Could trees be the low-hanging fruit of climate action?

Could trees be the low-hanging fruit of climate action?

Elliott Davis & Ari Bechtel

Almost every day, the news reminds us of the impending climate crisis. To run our cars, factories, and electric grids, we burn fossil fuels and emit carbon dioxide. As a greenhouse gas, carbon dioxide traps heat in the atmosphere and warms the planet, causing sea-level rise, intense storms, and forest fires, to name a few. To address these issues, a variety of mitigation solutions—those that reduce emissions—have arisen. Each year, renewable energy is added to the grid, energy-efficient equipment gets incorporated into buildings, and more electric vehicles are sold. Local and state governments, as well as the international community, are committing to reducing their emissions.

It is clear that mitigation is a key part of avoiding climate disaster. But it is not enough. Even if the whole world had stopped emitting all carbon dioxide 20 years ago, recent climate models show that the earth is already committed to another half degree of global warming and an additional 320% sea-level rise.

Clearly, there is another key part of the climate solution; we need to remove carbon dioxide from the air and we need to do it now. Current carbon dioxide removal technologies include direct air capture, soil enhancements, and underground carbon sequestration. While many of these options are capable of storing relatively large amounts of carbon, they are still in development and are very expensive.

However, one effective carbon-capturing “technology” is all around us: trees. As part of photosynthesis, trees take in carbon dioxide from the surrounding air and store it in their tissues. In one year, an acre of forest is estimated to sequester twice the amount of carbon dioxide produced by the average car. Trees are easy to plant, require little technical expertise, and are easy to maintain when compared with other methods of carbon capture

Trees are truly the “low-hanging fruit” of climate action and we should take advantage of them. So what would this look like? If we set the goal of planting 100 million trees throughout our state, we would only need to plant less than 10 trees per person. Yet, the impact would be enormous, accounting for 13.8% of the emissions we generate from the residential sector.

Not only do trees help combat climate change, but they also provide other benefits to society. For example, trees produce a sense of tranquility for the people around them. They help address the growing occurrence of “Nature Deficit Disorder,” the mental duress generated from insufficient outdoor exposure. Revitalizing forests enables more hiking and exploring while providing additional wildlife habitat, helping maintain biodiversity in an increasingly developed world.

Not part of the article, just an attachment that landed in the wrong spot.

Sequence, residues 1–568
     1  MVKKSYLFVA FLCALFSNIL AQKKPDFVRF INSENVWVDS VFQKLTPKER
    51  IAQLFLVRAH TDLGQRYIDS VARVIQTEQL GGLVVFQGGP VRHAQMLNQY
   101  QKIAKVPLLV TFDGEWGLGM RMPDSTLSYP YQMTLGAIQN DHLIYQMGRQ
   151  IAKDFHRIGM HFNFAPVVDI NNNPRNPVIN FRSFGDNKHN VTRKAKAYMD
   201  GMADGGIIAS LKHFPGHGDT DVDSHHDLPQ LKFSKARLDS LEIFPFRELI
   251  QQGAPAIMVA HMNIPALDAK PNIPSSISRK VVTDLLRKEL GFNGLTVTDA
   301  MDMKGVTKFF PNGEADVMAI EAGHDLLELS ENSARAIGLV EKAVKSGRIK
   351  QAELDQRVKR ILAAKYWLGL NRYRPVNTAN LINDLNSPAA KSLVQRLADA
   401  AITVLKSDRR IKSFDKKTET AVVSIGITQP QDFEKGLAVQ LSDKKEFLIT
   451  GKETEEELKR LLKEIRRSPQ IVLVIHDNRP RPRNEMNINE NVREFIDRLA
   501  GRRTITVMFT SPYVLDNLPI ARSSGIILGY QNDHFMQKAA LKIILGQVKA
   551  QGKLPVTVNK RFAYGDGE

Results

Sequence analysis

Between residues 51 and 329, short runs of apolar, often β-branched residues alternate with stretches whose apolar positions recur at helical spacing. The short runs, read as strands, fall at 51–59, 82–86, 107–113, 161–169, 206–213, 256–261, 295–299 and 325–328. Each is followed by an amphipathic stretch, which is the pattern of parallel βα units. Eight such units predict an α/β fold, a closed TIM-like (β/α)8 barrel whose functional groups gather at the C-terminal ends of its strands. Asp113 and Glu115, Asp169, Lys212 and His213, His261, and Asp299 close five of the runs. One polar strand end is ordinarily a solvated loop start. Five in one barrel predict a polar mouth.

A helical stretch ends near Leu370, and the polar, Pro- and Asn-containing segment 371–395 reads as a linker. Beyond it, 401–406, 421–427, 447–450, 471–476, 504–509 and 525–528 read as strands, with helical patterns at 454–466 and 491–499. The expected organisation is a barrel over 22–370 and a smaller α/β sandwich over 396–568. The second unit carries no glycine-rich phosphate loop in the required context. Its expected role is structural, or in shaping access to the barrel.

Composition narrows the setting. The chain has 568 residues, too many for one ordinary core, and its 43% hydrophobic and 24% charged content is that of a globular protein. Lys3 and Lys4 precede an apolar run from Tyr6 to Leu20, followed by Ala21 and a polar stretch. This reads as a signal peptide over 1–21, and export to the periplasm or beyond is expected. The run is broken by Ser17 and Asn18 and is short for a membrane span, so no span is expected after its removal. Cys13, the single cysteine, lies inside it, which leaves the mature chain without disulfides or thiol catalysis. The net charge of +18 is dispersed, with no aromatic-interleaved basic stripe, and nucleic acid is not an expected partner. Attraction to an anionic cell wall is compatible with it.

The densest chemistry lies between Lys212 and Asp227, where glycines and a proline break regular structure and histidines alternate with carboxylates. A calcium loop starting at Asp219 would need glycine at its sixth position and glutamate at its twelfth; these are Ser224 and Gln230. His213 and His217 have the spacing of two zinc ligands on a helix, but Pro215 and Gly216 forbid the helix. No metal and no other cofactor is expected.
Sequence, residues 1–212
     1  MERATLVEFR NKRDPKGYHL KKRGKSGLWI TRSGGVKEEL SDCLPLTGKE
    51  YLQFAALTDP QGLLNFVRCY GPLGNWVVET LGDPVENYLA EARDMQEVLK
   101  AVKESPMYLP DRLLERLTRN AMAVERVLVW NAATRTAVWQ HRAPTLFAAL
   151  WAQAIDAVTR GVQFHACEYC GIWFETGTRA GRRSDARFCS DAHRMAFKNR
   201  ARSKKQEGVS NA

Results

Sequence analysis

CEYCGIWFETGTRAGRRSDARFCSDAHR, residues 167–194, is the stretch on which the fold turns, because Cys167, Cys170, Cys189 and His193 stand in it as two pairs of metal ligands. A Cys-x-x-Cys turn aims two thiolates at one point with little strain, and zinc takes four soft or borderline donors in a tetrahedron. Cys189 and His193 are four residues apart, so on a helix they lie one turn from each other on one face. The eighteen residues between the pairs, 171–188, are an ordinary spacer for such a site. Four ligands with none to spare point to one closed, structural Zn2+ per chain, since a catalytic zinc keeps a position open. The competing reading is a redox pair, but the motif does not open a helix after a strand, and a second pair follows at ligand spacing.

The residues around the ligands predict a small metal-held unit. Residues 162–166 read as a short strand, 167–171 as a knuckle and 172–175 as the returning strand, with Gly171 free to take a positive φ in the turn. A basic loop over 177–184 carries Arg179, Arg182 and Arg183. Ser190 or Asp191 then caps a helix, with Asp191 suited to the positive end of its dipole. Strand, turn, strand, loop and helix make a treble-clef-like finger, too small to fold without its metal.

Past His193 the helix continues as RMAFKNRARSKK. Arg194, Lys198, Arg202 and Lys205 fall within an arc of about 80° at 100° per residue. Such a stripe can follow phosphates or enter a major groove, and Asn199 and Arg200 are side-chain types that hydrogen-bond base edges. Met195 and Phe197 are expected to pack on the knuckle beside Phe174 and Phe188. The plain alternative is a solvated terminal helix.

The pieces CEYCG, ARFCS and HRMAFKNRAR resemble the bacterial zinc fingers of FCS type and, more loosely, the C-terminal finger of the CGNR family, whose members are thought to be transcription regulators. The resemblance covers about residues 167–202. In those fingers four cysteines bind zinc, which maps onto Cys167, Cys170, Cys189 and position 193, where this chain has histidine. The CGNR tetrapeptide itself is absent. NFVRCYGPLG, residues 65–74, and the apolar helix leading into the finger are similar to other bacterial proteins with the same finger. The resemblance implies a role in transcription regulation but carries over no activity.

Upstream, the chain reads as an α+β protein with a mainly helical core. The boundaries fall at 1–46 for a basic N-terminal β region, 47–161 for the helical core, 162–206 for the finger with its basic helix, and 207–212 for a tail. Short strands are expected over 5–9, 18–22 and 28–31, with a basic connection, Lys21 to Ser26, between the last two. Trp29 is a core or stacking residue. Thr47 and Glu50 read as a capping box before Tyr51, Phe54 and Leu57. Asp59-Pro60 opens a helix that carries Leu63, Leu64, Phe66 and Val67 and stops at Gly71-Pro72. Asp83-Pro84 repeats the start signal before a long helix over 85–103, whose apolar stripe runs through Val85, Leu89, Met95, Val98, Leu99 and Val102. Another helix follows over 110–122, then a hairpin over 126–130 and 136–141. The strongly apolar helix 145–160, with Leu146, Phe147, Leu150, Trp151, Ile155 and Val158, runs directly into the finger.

Planting trees can improve water quality. Trees reduce runoff by trapping chemicals and sediment before they reach streams and rivers. While this alters water flow, planners can use this to their advantage to mitigate the disastrous flooding often seen in North Carolina. Meanwhile, groundwater supplies which many people rely on for drinking water can be replenished.

Afforestation in residential areas has been associated with greater social cohesion and reduced crime. Neighborhoods with more trees will become more desirable for their residents. Unfortunately, many low-income and majority minority communities lack sufficient tree cover due to generations of neglect and under-investment by government authorities. Planting more trees can help address some of these historic inequities and their detrimental impacts, improving the quality of life of the people who need it most.

Trees can benefit everyone. That’s why despite climate change being a divisive issue, there is support across the political spectrum for increasing tree cover. In North Carolina, Democrats and Republicans alike have been strong proponents of the Land and Water Conservation Fund, a federal conservation program which has protected forests in the Blue Ridge Mountains. Last year on Capitol Hill, a massive conservation package passed with strong bipartisan support. Even President Trump, whose Administration has sought to undo previous climate progress, came out in support of the Trillion Trees Initiative, a global effort to plant one trillion trees. There is a unique window of opportunity to act upon the near universal support for greater tree cover.

Planting trees won’t solve the climate crisis. However, they are an ideal complement to current mitigation efforts. Trees offer an inexpensive way to reduce carbon emissions while creating outdoor recreation opportunities, helping underserved communities, and increasing biodiversity. Tree planting is certainly the “low hanging fruit” that we should take advantage of as we seek to promote a low carbon future.